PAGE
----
The contestants fit the stereotypes that we have come to reply upon for any reality-based contest show. There is a loud-mouthed, over-confident figure who claims to have “already won.” There is also an untrained artist who learned quickly that the cry of, “I’m not trained, so I don’t know all the ins and outs of the artworld,” was not going to fly with the judges. There are older artists, younger artists, a good split between the genders, a mix of ethnicities, artists from various faith backgrounds, and, because this is Bravo, at least one gay artist. This is the tried and true recipe that began with the first season of The Real World. It guarantees that personalities are going to come into conflict, making for more entertaining TV.

There is another stereotype that is perpetuated in Work of Art. It appeared in the first episode when executive producer Sarah Jessica Parker made a surprise visit to the artists. As she encouraged the artists in their quest one particular statement struck me. She wanted them to remember that “This is a competition.” Working alongside other artists can certainly push us to do our best, but instilling the idea that the artworld is competitive benefits no one. There are certainly elements of competition since some artists get that big grant, prize, or exhibition. Yet there always remains the element of subjectivity and the contemporary diversity of styles and materials is matched by the particular tastes of the tastemakers—gallerists, curators, critics.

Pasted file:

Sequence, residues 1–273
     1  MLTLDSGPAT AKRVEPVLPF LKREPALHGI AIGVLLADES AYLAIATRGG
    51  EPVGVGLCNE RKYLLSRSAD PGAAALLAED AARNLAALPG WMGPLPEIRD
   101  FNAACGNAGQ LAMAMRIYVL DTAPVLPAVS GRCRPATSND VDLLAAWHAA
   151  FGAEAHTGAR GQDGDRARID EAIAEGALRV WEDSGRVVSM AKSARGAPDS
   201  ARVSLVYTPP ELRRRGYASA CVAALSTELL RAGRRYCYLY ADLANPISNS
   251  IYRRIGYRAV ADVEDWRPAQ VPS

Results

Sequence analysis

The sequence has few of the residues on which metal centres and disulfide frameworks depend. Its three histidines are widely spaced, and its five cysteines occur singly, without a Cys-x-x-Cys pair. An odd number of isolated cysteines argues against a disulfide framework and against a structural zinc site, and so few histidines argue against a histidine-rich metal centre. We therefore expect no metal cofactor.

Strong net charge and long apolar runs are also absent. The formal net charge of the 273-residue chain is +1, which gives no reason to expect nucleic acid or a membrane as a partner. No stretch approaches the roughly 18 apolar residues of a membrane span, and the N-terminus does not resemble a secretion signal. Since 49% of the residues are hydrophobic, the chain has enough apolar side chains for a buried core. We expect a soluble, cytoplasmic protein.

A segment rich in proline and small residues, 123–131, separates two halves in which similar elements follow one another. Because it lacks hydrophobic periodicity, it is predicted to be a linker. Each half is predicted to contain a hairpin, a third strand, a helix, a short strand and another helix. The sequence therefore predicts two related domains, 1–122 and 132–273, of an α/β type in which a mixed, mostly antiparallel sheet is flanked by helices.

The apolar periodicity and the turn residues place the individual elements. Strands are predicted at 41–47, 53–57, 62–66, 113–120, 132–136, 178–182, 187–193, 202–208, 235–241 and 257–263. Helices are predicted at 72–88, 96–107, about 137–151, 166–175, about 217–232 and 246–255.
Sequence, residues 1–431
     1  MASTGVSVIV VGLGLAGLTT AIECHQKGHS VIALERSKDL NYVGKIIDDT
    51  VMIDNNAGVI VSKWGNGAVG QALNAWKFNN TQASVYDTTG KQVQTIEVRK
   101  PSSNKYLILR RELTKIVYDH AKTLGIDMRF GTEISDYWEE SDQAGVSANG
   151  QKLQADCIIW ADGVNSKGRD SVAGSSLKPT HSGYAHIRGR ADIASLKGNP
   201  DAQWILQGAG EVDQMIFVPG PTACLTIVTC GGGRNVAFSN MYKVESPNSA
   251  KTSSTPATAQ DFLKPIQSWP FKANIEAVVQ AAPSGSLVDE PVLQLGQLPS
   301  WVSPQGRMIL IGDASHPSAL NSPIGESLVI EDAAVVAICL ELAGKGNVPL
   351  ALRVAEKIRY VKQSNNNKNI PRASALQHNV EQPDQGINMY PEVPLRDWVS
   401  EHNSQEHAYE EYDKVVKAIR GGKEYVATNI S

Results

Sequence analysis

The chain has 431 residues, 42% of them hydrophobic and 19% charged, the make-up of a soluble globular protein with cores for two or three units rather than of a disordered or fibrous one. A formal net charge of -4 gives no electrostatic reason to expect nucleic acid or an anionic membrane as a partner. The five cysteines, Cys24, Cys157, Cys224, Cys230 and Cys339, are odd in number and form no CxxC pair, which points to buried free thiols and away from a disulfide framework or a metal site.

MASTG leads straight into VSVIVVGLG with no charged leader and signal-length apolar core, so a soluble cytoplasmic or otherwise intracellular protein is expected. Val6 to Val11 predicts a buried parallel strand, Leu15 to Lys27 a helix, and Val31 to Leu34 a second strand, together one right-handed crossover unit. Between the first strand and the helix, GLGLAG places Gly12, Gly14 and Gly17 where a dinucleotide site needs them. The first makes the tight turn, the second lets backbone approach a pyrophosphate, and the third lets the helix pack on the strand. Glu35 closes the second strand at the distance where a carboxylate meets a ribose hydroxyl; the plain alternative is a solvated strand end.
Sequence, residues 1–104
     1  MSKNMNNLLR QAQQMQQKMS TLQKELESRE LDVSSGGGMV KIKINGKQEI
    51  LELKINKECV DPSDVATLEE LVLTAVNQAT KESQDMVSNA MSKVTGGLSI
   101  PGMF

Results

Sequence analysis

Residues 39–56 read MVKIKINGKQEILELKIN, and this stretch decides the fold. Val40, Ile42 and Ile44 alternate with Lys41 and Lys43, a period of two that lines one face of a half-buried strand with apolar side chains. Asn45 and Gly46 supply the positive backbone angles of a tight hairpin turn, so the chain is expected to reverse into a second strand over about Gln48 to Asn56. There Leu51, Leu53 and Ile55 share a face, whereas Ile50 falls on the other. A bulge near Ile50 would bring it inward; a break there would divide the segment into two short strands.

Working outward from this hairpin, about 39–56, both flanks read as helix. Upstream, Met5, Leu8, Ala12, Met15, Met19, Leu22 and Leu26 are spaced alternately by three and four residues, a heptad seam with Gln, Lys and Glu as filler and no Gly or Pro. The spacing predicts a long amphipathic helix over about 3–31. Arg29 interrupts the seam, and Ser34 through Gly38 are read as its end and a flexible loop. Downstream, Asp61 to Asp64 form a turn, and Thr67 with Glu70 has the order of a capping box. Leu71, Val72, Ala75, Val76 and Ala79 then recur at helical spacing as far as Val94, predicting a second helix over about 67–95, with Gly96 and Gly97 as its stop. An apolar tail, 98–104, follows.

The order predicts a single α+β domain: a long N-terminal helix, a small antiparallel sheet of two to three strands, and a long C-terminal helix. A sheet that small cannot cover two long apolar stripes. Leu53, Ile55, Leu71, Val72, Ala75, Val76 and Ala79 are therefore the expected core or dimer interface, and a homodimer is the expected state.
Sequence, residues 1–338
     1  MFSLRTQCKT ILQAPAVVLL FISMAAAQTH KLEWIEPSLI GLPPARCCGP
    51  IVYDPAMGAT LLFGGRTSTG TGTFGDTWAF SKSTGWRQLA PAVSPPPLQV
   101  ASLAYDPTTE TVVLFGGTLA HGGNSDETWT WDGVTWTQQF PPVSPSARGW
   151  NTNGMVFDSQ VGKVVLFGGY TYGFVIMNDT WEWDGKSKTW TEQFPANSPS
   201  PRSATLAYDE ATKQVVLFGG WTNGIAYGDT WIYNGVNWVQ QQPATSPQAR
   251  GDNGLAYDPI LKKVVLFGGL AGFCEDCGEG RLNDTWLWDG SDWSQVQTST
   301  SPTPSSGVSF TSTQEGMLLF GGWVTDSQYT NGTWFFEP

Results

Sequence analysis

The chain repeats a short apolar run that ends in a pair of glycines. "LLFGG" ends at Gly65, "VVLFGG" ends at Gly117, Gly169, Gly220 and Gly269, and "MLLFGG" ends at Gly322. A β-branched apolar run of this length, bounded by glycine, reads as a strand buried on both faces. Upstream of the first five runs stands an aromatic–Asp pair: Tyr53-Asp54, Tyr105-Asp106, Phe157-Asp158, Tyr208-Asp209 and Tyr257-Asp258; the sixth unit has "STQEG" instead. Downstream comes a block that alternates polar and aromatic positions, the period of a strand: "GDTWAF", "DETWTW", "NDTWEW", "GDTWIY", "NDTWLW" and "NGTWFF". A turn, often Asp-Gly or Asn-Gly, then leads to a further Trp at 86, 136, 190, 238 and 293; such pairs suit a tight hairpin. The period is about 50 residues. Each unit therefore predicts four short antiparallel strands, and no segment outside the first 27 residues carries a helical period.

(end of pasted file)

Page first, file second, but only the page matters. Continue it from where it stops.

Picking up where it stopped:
Still, this is a show has a prize and that is one of the things that makes the premise worthwhile. The “winner” will receive an one-person exhibition at the Brooklyn Museum. Perhaps this was seen by the Brooklyn as a good way to repair an image that was sullied by the Sensation exhibition. I suspect that the winner will not provide us with anything nearly as controversial as Chris Ofili’s Holy Virgin Mary, though he or she may utilize materials that are outside the expectations of the general viewer.

In addition to the Brooklyn Museum’s role in Work of Art, I was pleasantly surprised at the caliber of the judges. In particular, the presence of critic Jerry Saltz on the panel of judges seems to add credence. In fact, the quality of the comments that the judges make is possibly the best feature of the show. After each competition “project” and its subsequent exhibition by all the artist contestants, the judges speak with the highest and lowest scoring artists. These limited critique events are actually something that I would suggest art school students watch. These comments give some relevant insights into what curators and gallerists are actually thinking when they are assessing the work of artists for exhibitions.